Applying Insights from the 2016-17 Marketing & Sales Survey of Recruiting & Staffing Firms
Knowing what clients are looking for from a staffing or recruiting firm, and having insights from the USSA/LeadG2 Marketing and Sales Survey on best practices is almost a perfect storm of opportunity for more visibility, leads and new business from employers for your staffing or recruiting firm.
I came across an article by John Rossheim (“What Clients Look for When Hiring a Staffing Agency”) that provides great guidance to staffing and recruiting firms on the client’s perspective for hiring a staffing or recruiting firm.
Here’s a summary of his key points on what employers look for:
- Show prospects your depth.
- Make transparent how you earn every penny of your fee.
- Talk to prospective clients about how you’ll surface candidates that the client could not have reached on their own.
- Take job orders meticulously.
- Show the difference you can make with candidates.
- Supply workers ready to do the work.
- Have a deep understanding of every industry you serve.
- Look out for the client's long-term interests. That applies even when supplying short-term temps.
If you can address these points in your firm’s marketing and sales program, then you will be that much closer to landing (or keeping) a new client.
Turning Survey Data into Action
The 2016/17 Survey gives us clues on the best practices for how, where and when to capitalize upon Rossheim’ s observations… clues that go far beyond merely parroting platitudes like, “we make a difference with our candidates.”
If you use something like this on your website or sales materials, frankly, that’s just “white noise” and every one of your competitors can make the same claim. So, how can you use and combine Rossheim observations with survey insights?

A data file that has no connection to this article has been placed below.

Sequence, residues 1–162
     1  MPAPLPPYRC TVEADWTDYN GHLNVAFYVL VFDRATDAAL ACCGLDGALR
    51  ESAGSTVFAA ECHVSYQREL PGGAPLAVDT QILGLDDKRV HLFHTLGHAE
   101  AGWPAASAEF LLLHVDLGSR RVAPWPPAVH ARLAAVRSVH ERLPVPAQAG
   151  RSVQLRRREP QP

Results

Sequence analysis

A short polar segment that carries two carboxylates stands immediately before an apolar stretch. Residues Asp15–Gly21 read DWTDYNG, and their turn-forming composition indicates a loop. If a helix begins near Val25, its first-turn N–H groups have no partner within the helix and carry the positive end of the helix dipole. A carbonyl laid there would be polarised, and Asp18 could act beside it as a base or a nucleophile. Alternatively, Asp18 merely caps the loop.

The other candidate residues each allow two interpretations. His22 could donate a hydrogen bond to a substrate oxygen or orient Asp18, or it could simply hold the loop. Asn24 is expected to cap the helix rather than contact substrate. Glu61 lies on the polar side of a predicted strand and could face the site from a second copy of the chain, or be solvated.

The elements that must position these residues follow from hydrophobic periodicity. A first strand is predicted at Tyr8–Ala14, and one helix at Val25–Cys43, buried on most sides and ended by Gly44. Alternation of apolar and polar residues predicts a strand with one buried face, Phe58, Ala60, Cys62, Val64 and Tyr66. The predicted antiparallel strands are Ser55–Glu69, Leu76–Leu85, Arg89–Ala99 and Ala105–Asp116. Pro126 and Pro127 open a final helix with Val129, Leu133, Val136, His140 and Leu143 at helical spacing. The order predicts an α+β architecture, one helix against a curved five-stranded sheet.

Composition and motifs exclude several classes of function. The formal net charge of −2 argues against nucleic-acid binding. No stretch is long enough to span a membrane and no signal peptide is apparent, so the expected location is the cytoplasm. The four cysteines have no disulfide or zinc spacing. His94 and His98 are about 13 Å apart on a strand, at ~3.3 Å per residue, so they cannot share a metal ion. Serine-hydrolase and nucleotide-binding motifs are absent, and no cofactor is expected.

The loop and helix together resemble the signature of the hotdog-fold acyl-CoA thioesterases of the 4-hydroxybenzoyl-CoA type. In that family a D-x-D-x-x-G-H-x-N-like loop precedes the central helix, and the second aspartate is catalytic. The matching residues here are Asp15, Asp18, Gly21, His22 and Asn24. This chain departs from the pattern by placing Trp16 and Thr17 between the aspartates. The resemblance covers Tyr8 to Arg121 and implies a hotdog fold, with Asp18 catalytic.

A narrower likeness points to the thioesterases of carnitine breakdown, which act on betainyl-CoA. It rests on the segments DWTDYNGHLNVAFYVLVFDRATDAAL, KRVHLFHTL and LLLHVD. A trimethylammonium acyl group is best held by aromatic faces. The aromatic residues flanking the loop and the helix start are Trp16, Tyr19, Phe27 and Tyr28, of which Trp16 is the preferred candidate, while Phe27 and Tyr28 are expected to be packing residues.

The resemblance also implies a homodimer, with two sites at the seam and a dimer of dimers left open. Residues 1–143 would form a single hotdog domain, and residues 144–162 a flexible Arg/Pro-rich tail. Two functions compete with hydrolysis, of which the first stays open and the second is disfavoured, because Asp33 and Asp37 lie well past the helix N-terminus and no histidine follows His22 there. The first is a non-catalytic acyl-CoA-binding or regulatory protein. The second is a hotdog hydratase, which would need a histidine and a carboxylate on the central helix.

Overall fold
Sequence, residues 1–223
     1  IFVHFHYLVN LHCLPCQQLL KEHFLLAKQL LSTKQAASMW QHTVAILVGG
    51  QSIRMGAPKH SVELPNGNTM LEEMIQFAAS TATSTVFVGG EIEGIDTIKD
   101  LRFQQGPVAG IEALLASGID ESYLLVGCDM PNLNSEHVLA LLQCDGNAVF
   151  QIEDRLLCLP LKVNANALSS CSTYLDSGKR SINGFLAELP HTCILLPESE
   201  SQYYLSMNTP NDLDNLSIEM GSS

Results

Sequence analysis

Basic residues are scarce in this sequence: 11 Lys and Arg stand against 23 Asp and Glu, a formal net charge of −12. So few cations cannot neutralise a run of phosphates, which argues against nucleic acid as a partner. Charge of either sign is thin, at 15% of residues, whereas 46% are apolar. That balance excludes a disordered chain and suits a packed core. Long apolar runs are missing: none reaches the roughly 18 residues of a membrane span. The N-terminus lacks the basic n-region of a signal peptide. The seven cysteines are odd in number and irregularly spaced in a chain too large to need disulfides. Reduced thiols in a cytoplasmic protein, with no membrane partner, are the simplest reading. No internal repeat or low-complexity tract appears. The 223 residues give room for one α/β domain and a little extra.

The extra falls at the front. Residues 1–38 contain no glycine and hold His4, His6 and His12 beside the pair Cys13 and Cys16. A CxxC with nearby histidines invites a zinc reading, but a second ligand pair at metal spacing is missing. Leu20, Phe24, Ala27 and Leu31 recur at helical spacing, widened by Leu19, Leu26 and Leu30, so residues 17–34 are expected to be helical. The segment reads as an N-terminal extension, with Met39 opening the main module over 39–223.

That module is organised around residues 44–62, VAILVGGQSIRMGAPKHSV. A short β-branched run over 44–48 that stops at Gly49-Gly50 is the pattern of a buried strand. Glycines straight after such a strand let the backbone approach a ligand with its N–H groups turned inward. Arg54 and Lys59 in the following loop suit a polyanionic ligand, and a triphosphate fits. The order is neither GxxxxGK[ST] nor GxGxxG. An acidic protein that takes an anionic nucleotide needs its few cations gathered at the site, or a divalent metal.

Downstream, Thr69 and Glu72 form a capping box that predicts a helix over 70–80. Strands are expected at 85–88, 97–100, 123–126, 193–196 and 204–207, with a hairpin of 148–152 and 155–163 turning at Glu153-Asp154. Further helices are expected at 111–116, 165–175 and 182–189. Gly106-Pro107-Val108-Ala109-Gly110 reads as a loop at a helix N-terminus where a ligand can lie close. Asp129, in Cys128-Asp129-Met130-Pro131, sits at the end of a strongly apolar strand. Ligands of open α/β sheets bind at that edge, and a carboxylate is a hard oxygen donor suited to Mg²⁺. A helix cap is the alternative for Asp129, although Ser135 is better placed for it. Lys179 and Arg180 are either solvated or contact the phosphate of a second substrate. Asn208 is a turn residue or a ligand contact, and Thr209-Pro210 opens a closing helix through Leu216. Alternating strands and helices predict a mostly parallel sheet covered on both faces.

Here are our team’s top 3 recommendations, based on results from the survey that can help your firm differentiate from competitors, be more responsive to employers’ pain points, and ultimately generate more new business.
1. Develop a key word strategy and optimize your website.
It’s likely that employers are searching for staffing or recruiting assistance by doing an Internet search, and you want to be first-page ranked. The survey showed that firms aren’t doing a very good or effective job at using their websites, and this insight represents a terrific opportunity to separate from the pack.
One way to do this is to devote web pages, articles and blogs to these pain points, using best SEO practices to make sure they have maximum optimization. For example, to promote the depth of your services or the quality of your candidates or your job fulfillment processes, do you have an optimized page on your site showcasing success stories about candidates you’ve brought to the table?
Here’s a question that may make you cringe: if you aren’t doing this, are your competitors?
2. Have your staffing agency marketing team prepare sales collateral, case studies, testimonials and other marketing tools to give your sales team an inventory of materials they can use to close sales faster.
The survey showed that effective sales collateral is one the highest used and most effective tactics being employed by staffing and recruiting firms.
Most of the pain points employers say they have can be addressed by your firm with what’s known as “bottom of the sales funnel” materials that once produced, will most likely be evergreen.
3. Write helpful content.
A number of these pain points can be addressed with helpful articles or blogs that are non-advertorial in nature. The survey shows us that articles and blogging are highly used and considered to be highly effective, but there are a few rules of the road that you’ll want to know about.
For example, an article or post called “How to Prepare the Most Meticulous Job Orders Ever” or “5 Keys to Writing Meticulous Job Orders” is going to be a lot more helpful than a post titled “How Our Firm Writes Meticulous Job Orders.” By the way, that last one is a great title, but should probably be put into your bottom of the funnel inventory rather than a top of the funnel piece.